Monitoring will be done through professional quality speakers. Believe me, there is a huge difference between the monitors we used in studios and speakers you use in your home, both in sound quality and in price!

All of this equipment should allow you to easily record your narration, replay it, and correct your mistakes. When you listen to your narration, you should sound like yourself, without changes in the tone or quality of your voice.  The sound engineers should then be able to take your recording and work their magic on it to remove mouth noise & clicks, make the final product sound great, and meet the distributors specifications. If this is not possible, then I would question whether they are a commercial operation and advise you to look elsewhere

Fourth, the studio may provide the services necessary to clean up and master your recording in order to meet the distributor’s specifications.  Recording is only the first stage. As I mentioned previously, afterwards the recording will need to be edited and mastered.  In addition to hiring a studio there are some other people you could involve.

  • Directing: You could hire a Director/Producer (different names for the same job).  They will listen to you as you record and stop you when you make mistakes, correct your emphasis, make sure you pace is correct, you are pronouncing words correctly and so on. This adds cost on the front end, but can reduce the amount of editing significantly. Often you will find that a good sound engineer is also a producer and will combine roles – but they will charge you for it.  Don’t expect this as a free add on.
  • Editing/Mastering: Once you have finished the recording stage, the audio needs to be edited and mastered. You have three options: 1) get the studio to edit, 2) employ an outside editor, or 3) edit yourself.
    1. Normally, the most expensive editing would be at the studio because it is using studio time, not just a person.
    2. A third-party editor will probably be the next most expensive. However, you should check in advance what system they work on and make sure they can accept and work with the audio files that the recording studio sends them. A good editor will prefer that you record on a non-destructive DAW, such as Protools, Cubase or Reaper. This is because it will contain any previous takes, even when you have re-recorded over the original take: the original take is still layered underneath. So, if the editor wants to copy a nice breath from an earlier take, he can do so.
    3. Editing and mastering the recording yourself will be the least expensive in terms of dollars, but the most expensive in terms of time, as you will need to learn how to do it and may need to pay for additional software or plugins to existing software to help you.
  • Proofing: Even if you don’t hire a director and you do the editing/mastering yourself, you should still hire an outside proofer to listen to your recording for mistakes and glitches that you missed. It is very easy to miss things and even pros do.

Before you make a final decision to rent a studio or hire help:

  1. Listen to sample recordings from the studio, director, proofer or sound engineer you are thinking of hiring. They should be able to provide a resume of their work, references from past customers, and samples of their sound. A good clue is popularity.  If a studio is booked up with ad agencies, film and tv companies and so on, then they are probably producing a good quality product.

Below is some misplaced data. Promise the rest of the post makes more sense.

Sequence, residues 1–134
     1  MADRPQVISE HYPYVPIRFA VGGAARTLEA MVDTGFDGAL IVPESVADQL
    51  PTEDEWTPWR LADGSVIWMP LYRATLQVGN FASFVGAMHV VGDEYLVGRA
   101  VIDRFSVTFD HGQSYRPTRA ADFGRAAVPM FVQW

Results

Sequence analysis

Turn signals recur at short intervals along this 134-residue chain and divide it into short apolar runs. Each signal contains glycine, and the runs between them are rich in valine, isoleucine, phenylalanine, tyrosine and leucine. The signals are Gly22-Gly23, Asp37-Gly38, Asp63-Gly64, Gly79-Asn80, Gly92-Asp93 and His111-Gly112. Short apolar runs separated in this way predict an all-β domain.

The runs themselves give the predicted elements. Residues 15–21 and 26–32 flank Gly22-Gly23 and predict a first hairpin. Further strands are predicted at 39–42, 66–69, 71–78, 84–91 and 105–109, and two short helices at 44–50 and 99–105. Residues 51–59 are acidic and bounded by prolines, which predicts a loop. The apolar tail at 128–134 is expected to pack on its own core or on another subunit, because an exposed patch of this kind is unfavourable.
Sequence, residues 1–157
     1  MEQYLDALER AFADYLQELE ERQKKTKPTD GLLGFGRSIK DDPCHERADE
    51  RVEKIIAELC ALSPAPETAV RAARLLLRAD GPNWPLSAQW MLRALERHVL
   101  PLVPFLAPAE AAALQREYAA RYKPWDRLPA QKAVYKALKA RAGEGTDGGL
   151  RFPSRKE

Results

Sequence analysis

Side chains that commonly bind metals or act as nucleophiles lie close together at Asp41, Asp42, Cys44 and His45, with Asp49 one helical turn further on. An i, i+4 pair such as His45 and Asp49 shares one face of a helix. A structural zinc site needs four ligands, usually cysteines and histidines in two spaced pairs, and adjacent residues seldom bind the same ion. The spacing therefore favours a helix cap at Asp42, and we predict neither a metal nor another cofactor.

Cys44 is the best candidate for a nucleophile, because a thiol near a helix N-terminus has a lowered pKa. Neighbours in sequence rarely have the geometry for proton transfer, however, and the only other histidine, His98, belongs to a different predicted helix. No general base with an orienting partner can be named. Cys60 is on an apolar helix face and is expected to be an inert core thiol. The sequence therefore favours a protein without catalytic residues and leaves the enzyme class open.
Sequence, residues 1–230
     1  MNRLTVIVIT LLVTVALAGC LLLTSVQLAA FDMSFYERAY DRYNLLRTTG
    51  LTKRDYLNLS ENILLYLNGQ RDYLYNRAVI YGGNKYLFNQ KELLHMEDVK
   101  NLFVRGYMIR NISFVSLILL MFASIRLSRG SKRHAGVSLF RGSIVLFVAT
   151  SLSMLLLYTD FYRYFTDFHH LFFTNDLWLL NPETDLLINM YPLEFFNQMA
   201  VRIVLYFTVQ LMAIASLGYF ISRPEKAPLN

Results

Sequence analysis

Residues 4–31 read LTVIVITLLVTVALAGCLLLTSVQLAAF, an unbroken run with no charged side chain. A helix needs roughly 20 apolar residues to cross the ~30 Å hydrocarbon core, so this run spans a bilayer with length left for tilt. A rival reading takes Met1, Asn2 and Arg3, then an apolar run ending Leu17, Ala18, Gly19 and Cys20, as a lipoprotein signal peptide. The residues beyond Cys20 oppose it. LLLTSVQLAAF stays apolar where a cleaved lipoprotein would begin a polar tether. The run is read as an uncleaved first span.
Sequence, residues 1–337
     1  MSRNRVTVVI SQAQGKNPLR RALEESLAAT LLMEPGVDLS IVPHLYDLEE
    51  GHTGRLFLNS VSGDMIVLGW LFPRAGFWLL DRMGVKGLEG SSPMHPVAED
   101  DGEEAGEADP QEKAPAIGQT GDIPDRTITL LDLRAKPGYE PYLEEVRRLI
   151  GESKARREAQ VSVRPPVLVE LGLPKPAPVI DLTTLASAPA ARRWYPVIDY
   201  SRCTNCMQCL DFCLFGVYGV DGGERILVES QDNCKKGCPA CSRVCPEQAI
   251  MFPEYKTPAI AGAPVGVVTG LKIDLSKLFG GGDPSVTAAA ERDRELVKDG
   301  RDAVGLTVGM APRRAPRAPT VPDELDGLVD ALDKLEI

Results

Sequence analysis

2. Be sure that you know what they will require of you in order to complete your project in a timely manner to specifications. And be sure that you understand their billing. Studio rent and hiring a studio sound engineer is usually per actual hour of use. Proofers and editors charge based on the number of finished hours of the recording, not the actual amount of time that they spend.
  3. You need to make sure that you will be able to schedule your recording sessions. If you have a book that is more than two hours of finished recording, you will not want to record it in one go –you will get too tired. So, you may want to book a series of two or three-hour sessions. It is difficult to estimate how many sessions because different scripts can be easier or harder to record, and if you are inexperienced you will make many more mistakes. Better to correct them at the time, if you can, rather than do pickups later.

And a final note:

Before you hire any services beyond the recording studio, you must make sure that you have everything recorded correctly, including retakes. You may not want to return to correct mistakes (pickups) because of your budget. If it is a busy studio, you might not get a booking, and if you use a different studio, you might never get the sound to match! Some people book provisional second sessions for pickups, then cancel if they are not needed. But be fair to the studio and make sure you come to an arrangement that works for you both.

This is great information, CC! But I don’t have the money to rent a studio or hire outside help and I am not under a time crunch to produce this book. How do I set up a home recording studio?

The next post will give you suggestions on how to set up a studio in your home, in Audio Book Recording Basics: Setting up a Home Studio

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©2019, Becky White, The Voicing Expert, all rights reserved